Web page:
EBA published the risk assessment report on the European banking system, in conjunction with data from the 2020 EU-wide transparency exercise. The risk assessment finds that, despite the COVID-19 shock, banks have maintained solid capital and liquidity ratios and have increased their lending to the real economy. However, economic uncertainty persists, profitability is at record low levels, and there are several early signs for a deterioration in asset quality. EBA highlights that COVID-19 has aggravated the need for measures to reduce operating costs and that the nonperforming loan ratios are stable, but the proportion of Stage 2 and forborne loans is increasing.
The data show that capital and liquidity ratios of well above the regulatory minimum allowed banks to provide necessary financing to non-financial corporations at the beginning of the crisis. Public guarantees and regulatory relief measures helped the common equity tier 1 capital levels to recover from the initial hit after the outbreak of the pandemic, while extraordinary central bank facilities helped banks to maintain ample liquidity buffers despite tensions in wholesale funding markets. However, the leverage ratio fell slightly as total assets grew more than capital. However, asset quality is expected to deteriorate materially over the next quarters. Banks have booked significant provisions on performing loans that have resulted in a material increase in cost of risk. Although nonperforming loan ratios have continued to decline, other asset quality metrics already show signs of deterioration. Loans classified under IFRS 9 stage 2 and forborne exposures have increased markedly. The phasing out of COVID-19-related measures, such as moratoria on loan repayments and public guarantees, will also likely affect asset quality. In the long term, it is noteworthy that, according to an EBA preliminary analysis, more than 50% of exposures to large corporates are to sectors potentially vulnerable to climate risk.
Additionally, operational resilience of banks has been broadly unaffected, despite the challenges posed by COVID-19. Nonetheless, the usage of information and communication technology (ICT) has grown further, increasing technology-related risks. Money laundering cases still pose important legal and reputational risks. The data also show that banks’ structural profitability challenges remain. Low interest rates, which may stay lower for longer than expected prior to the pandemic, and strong competition from both banks and non-banks, like fintech firms, are adding pressure to the core revenues of banks. The recent fall in operating expenses has somewhat offset the pressure on pre-provision profits, yet these costs might bounce back once the pandemic is over. COVID-19 might be the catalyst for many clients to become digital customers, thus increasing branch overcapacity. Banks might opt for merger and acquisition deals to exploit potential cost synergies. In terms of policy implications, the assessment highlights that banks should brace themselves for deterioration in asset quality; banks should take advantage of favorable liquidity windows to advance in their Minimum Requirement for Own Funds and Eligible Liabilities (MREL) build-up; prudent capital distribution policies are still required as bank capital remains under pressure; and COVID-19 crisis has aggravated the need for cost-reduction measures by banks.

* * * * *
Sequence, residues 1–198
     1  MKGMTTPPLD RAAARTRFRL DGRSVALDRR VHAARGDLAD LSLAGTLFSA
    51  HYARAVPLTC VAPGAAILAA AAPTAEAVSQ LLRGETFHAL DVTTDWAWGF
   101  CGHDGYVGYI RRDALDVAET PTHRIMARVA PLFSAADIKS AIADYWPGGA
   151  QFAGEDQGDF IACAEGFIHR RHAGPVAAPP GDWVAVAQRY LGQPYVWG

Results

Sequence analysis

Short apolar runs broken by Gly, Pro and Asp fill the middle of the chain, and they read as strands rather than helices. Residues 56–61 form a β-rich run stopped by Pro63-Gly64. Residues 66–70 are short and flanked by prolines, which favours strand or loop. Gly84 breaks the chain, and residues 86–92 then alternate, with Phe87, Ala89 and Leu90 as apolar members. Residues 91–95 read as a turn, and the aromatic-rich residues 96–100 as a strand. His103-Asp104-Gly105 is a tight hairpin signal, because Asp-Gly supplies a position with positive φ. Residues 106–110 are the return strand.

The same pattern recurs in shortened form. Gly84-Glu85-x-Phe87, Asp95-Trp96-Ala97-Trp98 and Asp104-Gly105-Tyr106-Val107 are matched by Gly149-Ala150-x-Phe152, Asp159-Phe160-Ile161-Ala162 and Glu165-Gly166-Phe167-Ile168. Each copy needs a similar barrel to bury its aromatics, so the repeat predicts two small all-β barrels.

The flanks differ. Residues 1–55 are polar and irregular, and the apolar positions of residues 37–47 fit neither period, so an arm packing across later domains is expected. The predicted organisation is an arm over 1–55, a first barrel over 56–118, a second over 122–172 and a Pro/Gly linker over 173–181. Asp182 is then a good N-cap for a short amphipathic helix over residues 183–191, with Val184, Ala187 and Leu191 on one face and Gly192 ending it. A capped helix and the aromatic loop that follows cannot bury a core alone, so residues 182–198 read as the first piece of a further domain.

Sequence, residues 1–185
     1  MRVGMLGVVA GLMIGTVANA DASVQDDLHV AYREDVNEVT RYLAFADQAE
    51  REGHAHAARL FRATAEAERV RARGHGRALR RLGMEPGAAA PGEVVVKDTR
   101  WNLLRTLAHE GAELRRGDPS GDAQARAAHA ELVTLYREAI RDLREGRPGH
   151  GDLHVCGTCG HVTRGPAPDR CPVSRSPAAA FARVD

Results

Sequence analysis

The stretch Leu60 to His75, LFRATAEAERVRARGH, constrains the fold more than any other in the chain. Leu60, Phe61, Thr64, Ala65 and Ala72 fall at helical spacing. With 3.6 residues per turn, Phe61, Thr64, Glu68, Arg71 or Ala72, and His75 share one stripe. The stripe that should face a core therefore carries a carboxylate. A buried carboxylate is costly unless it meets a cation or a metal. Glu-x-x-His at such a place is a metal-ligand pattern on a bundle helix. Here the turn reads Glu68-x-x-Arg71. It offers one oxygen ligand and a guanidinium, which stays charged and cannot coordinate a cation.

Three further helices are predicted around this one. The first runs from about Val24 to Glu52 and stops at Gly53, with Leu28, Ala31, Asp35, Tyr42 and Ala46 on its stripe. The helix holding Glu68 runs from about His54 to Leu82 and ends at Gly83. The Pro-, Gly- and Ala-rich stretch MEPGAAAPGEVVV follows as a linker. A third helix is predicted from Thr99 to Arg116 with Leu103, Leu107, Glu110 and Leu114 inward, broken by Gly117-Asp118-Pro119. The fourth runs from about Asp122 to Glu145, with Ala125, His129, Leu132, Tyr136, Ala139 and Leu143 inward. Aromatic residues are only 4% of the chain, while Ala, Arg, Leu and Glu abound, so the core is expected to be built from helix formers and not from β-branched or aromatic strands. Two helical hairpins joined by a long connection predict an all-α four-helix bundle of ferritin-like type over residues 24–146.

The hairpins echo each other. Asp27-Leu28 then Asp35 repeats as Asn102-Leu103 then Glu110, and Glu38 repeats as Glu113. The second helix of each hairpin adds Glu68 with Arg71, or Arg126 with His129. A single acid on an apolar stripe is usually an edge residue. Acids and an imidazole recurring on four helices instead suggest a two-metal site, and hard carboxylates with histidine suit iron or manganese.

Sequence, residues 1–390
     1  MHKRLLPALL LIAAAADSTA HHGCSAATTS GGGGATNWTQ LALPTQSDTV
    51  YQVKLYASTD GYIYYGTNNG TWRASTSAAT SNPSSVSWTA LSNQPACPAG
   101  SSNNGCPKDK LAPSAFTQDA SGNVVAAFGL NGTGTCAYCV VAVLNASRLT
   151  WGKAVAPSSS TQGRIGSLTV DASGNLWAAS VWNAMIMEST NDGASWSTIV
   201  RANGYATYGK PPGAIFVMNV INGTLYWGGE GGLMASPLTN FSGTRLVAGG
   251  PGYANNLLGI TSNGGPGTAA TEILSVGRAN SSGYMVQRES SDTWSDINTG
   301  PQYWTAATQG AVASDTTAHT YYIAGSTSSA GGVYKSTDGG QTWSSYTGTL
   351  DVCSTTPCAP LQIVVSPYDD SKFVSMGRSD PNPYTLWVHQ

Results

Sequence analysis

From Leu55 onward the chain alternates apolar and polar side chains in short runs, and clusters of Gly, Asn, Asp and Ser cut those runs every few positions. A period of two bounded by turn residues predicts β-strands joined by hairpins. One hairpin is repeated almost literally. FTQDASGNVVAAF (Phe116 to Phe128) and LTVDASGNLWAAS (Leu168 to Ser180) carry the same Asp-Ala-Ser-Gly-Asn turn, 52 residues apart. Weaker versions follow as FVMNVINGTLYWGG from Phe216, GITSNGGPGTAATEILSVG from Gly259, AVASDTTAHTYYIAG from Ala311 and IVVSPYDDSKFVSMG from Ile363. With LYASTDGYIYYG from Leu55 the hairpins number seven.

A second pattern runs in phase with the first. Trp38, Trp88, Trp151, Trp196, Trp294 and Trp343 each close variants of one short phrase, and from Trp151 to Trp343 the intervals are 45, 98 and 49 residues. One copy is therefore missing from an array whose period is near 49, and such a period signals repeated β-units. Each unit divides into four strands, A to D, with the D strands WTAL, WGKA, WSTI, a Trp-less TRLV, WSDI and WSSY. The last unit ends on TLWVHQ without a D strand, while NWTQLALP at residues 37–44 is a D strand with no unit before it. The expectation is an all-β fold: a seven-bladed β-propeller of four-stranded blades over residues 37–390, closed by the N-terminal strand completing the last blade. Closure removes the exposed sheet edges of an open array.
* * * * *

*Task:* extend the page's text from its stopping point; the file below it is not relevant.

The risk assessment report is based on qualitative and quantitative information collected from the EU supervisory reporting, the EBA risk assessment questionnaire (RAQ), market intelligence, and micro-prudential qualitative information. The supervisory reporting data that competent authorities submit to the EBA on a quarterly basis for a sample of 162 banks from 29 European Economic Area countries have been utilized. Based on total assets, this sample covers about 80% of the banking sector in EU.
Keywords: Europe, EU, Banking, COVID-19, Transparency Exercise, Risk Assessment Report, Regulatory Capital, Credit Risk, NPLs, IFRS 9, Basel, Operational Resilience, EBA
The three European Supervisory Authorities (ESAs) issued a letter to inform about delay in the Sustainable Finance Disclosure Regulation (SFDR) mandate, along with a Call for Evidence on greenwashing practices.
The International Sustainability Standards Board (ISSB) of the IFRS Foundations made several announcements at COP27 and with respect to its work on the sustainability standards.
The International Organization for Securities Commissions (IOSCO), at COP27, outlined the regulatory priorities for sustainability disclosures, mitigation of greenwashing, and promotion of integrity in carbon markets.
The European Banking Authority (EBA) issued a statement in the context of COP27, clarified the operationalization of intermediate EU parent undertakings (IPUs) of third-country groups
The Office of the Superintendent of Financial Institutions (OSFI) published an annual report on its activities, a report on forward-looking work.
The Australian Prudential Regulation Authority (APRA) finalized amendments to the capital framework, announced a review of the prudential framework for groups.
The Bank for International Settlements (BIS) Innovation Hubs and several central banks are working together on various central bank digital currency (CBDC) pilots.
The Financial Accounting Standards Board (FASB) is seeking comments, until November 03, 2022, on the proposed technical and other conforming improvements for the 2023 GAAP Financial Reporting Taxonomy.
The European Central Bank (ECB) published the results of its thematic review, which shows that banks are still far from adequately managing climate and environmental risks.
Among its recent publications, the European Banking Authority (EBA) published the final standards and guidelines on interest rate risk arising from non-trading book activities (IRRBB)